June 19th, 2009 by Rian Gauvreau
For many attorneys contemplating the switch to a SaaS solution for their practice, the matter of security is chief among their concerns – especially given the critical importance of ensuring client confidentiality and data security. The challenge with security in the realm of technology is that it’s a tricky metric to measure in any sort of absolute way. Often, the specific weakness of any given system is only realized once its been compromised. So, if data security is so hard to evaluate, what’s a responsible attorney to do if they’re not an armchair security expert?
In this post we’ll outline four of the most important aspects of web security: SSL, Server Security, Client Security, and Password Security.
One important component of the security equation is a technology called SSL, which stands for Secure Sockets Layer. SSL is an industry-standard technology which enables secure online banking and secure e-commerce sites such as Amazon.com.
Perhaps the best way to understand how SSL helps keep confidential information secure is to understand how non-SSL-encrypted communications over the Internet work. As the figure below shows, if we request information from our bank – say, the balance of our bank account, in a non-SSL communication both the request and response are received in plain text:
If we use SSL for this communication instead, the entire communication between your computer and your bank’s server is encrypted – if someone were to intercept or evesdrop on your communcations, they would look like random, unreadable data:
SSL is an extremely powerful technology, as it allows for completely secure communications even over public, untrusted networks. For example, thanks to SSL you can securely access your practice’s sensitive data, which is stored on Clio’s servers, while sitting in a Starbucks using a public Wi-Fi connection.
In a nutshell, if you’re accessing or sending sensitive information over the web, you should ensure the website you’re using supports SSL. How can you tell if a website uses SSL? Every web browser makes it easy by displaying an icon of a lock somewhere on its user interface:
While SSL helps secure communications between your computer and web sites, you also need to know the web site you’re communicating with is properly secured and not vulnerable to hackers. While it is hard for the average web user to assess this, there are services from companies such as McAfee that perform regular security audits on web sites to ensure server security.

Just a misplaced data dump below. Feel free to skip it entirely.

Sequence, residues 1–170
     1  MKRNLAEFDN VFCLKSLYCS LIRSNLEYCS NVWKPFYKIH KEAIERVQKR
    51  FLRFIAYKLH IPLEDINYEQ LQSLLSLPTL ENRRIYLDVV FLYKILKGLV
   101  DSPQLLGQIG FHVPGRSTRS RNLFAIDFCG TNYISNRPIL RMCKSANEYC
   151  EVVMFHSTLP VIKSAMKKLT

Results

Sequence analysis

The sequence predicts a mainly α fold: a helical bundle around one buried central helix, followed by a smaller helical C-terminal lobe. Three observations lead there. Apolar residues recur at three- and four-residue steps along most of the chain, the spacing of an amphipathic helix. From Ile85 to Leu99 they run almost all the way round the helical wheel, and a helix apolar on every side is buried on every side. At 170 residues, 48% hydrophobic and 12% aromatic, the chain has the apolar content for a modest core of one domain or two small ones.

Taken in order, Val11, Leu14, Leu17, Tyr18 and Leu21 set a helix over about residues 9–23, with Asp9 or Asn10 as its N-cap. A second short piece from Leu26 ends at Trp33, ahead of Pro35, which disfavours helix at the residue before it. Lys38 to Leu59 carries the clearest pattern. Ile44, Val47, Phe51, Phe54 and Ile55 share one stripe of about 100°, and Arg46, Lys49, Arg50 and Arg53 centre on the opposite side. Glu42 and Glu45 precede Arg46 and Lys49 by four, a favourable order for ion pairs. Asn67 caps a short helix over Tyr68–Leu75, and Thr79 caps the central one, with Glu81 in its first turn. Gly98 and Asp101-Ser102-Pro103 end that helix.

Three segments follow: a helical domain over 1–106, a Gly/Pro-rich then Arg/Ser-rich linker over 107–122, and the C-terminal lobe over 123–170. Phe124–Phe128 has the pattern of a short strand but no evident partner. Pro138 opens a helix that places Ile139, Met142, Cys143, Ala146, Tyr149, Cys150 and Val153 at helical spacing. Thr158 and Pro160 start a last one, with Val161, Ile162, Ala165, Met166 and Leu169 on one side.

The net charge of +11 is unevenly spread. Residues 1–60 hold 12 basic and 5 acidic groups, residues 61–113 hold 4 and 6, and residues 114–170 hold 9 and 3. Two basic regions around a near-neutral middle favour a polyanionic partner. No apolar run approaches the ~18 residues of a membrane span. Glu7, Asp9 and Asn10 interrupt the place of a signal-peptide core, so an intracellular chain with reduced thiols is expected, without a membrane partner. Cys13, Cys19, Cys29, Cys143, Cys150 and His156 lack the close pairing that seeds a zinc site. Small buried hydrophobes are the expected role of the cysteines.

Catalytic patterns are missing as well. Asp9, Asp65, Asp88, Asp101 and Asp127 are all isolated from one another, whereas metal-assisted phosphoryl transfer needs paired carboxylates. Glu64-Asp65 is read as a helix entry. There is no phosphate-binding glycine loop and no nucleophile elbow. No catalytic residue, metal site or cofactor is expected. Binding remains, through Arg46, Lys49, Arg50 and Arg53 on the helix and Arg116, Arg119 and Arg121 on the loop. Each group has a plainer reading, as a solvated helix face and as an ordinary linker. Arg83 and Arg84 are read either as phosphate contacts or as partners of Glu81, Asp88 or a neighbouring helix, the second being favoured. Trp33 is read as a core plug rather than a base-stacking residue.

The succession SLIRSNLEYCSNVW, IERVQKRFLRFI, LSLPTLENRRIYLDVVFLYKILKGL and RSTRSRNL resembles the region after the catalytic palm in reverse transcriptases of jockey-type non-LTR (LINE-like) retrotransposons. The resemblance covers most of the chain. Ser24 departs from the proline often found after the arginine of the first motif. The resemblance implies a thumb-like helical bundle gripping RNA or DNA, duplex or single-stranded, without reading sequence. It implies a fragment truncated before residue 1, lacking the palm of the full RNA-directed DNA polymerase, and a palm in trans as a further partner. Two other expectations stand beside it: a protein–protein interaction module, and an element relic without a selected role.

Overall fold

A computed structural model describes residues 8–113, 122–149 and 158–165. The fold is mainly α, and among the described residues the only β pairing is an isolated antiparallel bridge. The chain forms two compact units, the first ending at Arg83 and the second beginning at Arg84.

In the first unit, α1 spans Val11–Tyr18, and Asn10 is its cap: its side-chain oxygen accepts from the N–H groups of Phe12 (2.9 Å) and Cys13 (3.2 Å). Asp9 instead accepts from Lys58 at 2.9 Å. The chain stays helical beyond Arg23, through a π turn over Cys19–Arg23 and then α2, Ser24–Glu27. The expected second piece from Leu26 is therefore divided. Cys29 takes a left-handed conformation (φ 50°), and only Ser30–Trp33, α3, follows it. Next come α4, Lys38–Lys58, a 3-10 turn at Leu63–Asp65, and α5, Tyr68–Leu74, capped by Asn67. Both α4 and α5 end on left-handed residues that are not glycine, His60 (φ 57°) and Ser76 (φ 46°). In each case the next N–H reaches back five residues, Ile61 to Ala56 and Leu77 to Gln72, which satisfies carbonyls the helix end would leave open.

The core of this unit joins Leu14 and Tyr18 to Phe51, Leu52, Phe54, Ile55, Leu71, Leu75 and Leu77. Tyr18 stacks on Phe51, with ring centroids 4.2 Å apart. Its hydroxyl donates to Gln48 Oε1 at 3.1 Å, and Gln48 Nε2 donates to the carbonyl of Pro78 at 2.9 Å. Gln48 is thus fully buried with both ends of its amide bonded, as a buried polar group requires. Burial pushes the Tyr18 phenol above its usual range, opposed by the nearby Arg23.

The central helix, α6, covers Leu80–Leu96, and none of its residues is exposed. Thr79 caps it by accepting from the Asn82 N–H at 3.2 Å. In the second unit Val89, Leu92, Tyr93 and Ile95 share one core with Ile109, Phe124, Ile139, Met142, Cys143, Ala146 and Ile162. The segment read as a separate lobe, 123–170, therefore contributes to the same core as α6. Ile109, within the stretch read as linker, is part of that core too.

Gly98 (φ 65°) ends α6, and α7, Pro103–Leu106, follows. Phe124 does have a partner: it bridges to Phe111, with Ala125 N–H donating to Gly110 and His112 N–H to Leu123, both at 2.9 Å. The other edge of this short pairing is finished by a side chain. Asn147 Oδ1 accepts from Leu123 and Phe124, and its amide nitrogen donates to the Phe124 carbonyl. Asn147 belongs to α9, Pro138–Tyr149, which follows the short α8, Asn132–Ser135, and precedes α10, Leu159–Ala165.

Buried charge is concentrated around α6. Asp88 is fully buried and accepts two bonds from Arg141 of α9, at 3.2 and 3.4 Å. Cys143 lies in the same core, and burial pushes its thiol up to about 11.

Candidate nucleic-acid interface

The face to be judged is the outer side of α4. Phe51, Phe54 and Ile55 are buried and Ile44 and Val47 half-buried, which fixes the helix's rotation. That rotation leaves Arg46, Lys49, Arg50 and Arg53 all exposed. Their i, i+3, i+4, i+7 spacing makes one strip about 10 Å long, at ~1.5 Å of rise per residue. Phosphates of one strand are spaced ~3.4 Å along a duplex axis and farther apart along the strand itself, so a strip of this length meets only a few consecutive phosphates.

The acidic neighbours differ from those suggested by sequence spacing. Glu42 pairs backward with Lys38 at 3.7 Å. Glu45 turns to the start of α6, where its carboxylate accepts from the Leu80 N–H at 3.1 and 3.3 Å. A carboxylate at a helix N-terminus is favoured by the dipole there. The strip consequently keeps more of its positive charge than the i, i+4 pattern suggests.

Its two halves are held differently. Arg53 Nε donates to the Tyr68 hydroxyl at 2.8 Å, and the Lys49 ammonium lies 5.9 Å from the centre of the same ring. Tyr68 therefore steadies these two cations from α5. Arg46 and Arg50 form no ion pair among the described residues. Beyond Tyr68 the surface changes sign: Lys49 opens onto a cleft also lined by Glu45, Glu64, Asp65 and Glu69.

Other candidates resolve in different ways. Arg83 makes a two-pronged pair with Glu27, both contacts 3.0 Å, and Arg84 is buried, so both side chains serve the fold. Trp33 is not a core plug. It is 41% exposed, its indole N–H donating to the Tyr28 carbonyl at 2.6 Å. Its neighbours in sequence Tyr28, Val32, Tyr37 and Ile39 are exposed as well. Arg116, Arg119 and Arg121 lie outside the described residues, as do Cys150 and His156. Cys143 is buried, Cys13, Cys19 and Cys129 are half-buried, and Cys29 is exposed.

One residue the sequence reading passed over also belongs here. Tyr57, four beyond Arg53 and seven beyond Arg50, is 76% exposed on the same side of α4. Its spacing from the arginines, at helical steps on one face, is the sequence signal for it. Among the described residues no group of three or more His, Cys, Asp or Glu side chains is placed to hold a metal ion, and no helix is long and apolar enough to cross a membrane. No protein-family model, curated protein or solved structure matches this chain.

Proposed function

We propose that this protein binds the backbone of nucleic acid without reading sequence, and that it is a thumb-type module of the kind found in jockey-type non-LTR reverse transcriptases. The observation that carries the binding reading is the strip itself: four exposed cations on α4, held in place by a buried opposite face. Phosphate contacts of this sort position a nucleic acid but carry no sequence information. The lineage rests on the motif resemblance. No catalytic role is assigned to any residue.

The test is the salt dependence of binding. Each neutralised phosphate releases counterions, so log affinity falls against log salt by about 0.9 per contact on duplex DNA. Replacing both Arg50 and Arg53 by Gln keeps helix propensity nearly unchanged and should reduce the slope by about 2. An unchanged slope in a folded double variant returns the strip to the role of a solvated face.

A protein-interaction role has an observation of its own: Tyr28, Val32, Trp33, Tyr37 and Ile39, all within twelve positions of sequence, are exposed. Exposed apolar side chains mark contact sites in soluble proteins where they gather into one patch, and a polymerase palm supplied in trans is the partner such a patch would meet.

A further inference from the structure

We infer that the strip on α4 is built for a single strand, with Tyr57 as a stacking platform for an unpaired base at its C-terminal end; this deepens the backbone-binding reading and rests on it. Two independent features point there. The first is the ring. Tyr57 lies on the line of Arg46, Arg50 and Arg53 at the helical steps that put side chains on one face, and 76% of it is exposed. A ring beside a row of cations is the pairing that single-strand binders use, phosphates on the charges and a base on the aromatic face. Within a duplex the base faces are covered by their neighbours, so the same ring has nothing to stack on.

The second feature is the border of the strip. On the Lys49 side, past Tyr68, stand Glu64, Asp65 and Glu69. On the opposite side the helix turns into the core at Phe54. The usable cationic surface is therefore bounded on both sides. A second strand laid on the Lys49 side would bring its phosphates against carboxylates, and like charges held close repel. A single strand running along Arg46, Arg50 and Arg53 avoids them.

Many secure and e-commerce website have contracts with the world’s largest dedicated security company, McAfee, to perform comprehensive network security and vulnerability scanning on a daily basis. This continuous penetration testing and security scanning helps ensure your data is safe and secure from hackers. You can read more about the McAfee Secure designation here.
While SaaS has the advantage of outsourcing server-level security and backup to a third-party service provider, one often-overlooked part of the security equation is the security of the desktop or laptop you are accessing the SaaS application from. SaaS doesn’t obviate the need to ensure your desktop or laptop is properly secured with a firewall, anti-virus, and the latest security updates for your operating system and web browser. For Windows users, Google Pack offers free anti-virus, anti-spyware, and Google’s own web browser, Chrome.
To ensure data stored on your desktop or laptop remains private even if it’s stolen, you may want to look at installing TrueCrypt, a free tool which will encrypt the entire contents of your hard drive.
Finally, security also encompasses password security. The best SSL encryption and client/server security can all be undone by the choice of a weak password. Be sure to choose a secure password for any website you’re using, and try to avoid using a given password for more than one website. Microsoft has a good resource on choosing passwords here. A great free password generator and manager is PasswordSafe.